The injury and hospitalization of a West Ridge Middle School football player is raising questions about the safety of young athletes.
The student, 14, was airlifted to an Austin hospital Tuesday after being injured during football practice. Eanes ISD told KVUE he was airlifted out of an abundance of caution and due to traffic, and that the student was released from the hospital Tuesday night.
District officials told KVUE News most middle and high school football games and practices do not have medical professionals, such as doctors, on hand unless it’s a varsity game. Eanes Athletic Director Todd Dodge said injuries in high school are reported to either an athletic trainer or the school nurse in middle schools.
Sports Medicine physician Dr. Martha Pyron said parents should encourage their kids to be open about their injuries, especially if they are prone to ignoring their symptoms and tend to just want to continue the game.
“My biggest concern with that middle school age group is with head injuries in that setting, the students are relying on their coaches to determine if there is an injury or not,” said Pyron, “Middle schools, if they have football teams, they should have athletic trainers in the sidelines. Then, you have a trained medical professional to help with the students to make sure everything is safe.”
She talked about what symptoms parents should look out for, when their children get injured in a game. If a child has any sort of injury to their head or their neck, he or she should be closely monitored. According to Pyron, parents should take their child to an emergency room or urgent care center to seek a more formal evaluation if they have any concerns.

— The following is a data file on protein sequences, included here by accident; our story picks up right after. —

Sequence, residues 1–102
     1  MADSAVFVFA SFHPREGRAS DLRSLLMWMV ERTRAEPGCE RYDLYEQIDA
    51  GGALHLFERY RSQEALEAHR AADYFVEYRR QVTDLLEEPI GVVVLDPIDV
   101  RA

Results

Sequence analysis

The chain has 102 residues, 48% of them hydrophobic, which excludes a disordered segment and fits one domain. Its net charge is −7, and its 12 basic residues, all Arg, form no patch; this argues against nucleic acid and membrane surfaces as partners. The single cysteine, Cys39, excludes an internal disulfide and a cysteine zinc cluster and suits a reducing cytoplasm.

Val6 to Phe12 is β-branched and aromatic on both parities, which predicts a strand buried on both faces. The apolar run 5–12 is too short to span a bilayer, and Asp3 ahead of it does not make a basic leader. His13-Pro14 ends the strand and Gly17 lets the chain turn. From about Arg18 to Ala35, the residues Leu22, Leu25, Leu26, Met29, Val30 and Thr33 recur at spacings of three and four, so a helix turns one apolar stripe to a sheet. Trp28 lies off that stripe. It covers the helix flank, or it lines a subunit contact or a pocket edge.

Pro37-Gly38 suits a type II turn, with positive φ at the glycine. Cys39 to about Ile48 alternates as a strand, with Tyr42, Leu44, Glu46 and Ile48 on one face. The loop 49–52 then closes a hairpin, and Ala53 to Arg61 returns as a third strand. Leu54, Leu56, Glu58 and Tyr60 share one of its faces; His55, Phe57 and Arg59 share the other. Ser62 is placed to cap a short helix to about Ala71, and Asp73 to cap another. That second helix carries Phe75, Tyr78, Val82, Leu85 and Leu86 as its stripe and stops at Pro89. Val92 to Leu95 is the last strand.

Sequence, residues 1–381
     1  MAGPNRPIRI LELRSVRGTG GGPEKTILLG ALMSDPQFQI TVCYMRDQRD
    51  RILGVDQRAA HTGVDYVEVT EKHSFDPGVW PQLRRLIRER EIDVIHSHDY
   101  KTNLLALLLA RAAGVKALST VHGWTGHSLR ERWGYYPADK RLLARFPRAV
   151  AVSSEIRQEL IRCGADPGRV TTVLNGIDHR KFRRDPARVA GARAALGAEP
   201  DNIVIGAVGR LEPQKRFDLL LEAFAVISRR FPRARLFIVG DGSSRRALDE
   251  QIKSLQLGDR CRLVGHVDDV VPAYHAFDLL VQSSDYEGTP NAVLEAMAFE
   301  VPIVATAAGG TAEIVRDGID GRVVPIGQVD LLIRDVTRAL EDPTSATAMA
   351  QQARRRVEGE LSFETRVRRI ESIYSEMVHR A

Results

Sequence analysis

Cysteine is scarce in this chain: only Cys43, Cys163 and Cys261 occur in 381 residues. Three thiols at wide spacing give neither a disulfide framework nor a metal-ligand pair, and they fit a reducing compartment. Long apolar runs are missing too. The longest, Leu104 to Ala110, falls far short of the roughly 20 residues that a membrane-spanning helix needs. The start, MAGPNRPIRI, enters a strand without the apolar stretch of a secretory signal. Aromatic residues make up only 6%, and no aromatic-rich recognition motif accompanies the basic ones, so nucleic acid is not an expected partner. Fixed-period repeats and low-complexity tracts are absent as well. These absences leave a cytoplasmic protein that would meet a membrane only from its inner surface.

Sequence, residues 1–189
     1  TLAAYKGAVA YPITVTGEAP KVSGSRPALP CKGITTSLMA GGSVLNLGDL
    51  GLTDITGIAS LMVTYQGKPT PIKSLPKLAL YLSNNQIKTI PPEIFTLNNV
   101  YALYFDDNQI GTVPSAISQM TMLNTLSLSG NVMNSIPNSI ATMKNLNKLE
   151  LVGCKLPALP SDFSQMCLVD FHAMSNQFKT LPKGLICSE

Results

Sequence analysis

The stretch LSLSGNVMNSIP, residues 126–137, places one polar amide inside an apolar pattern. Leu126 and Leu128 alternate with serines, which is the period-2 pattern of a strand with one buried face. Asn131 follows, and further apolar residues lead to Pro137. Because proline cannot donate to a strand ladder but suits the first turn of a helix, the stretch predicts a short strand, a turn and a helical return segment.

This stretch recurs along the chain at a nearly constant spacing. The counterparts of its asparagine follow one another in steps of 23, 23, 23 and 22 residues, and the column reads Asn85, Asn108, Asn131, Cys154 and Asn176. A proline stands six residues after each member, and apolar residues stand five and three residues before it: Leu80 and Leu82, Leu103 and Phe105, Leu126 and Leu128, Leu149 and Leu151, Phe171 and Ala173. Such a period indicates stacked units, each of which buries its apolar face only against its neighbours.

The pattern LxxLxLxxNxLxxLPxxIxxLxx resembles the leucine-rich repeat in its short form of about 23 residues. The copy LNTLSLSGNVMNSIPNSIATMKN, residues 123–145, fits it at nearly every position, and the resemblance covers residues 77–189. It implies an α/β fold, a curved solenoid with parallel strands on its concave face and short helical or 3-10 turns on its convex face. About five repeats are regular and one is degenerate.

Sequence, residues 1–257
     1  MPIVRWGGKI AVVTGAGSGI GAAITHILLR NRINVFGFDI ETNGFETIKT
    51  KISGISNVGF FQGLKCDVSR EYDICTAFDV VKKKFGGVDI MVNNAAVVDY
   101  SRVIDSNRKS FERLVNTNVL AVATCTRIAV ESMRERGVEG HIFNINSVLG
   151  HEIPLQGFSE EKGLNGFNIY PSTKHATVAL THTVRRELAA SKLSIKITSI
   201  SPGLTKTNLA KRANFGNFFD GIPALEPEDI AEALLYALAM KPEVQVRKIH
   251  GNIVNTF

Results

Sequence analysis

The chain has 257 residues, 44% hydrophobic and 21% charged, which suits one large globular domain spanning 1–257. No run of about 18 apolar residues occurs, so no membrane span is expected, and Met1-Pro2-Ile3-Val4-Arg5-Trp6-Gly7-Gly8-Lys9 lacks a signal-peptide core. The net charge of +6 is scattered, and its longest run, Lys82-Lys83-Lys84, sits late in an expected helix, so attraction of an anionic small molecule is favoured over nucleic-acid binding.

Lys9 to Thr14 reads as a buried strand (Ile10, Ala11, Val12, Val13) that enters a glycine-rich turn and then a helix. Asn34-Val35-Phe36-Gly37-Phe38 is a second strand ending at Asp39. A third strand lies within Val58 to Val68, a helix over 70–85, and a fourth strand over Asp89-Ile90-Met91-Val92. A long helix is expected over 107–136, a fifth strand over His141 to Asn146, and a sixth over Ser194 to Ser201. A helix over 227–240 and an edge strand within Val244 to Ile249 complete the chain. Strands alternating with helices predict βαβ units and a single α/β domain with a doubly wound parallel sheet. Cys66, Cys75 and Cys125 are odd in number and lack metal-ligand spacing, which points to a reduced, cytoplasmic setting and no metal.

Pyron said with the big topic being concussions, what many do not know is that you do not have to actually hit your head to have a concussion. For example, just colliding with another player can cause a concussion.
“If a player has finished their practice for a game or they have a headache afterwards, and there was trauma associated with the practice or the game, it’s possible they have a concussion. If they’re nauseated and throwing up with a headache that’s more concerning, and if they’re acting different than their parents would expect that’s also concerning,” she said.
According to Eanes ISD, while doctors may not be there, their coaches do take a one-day course on First Aid and CPR training, along with concussion training.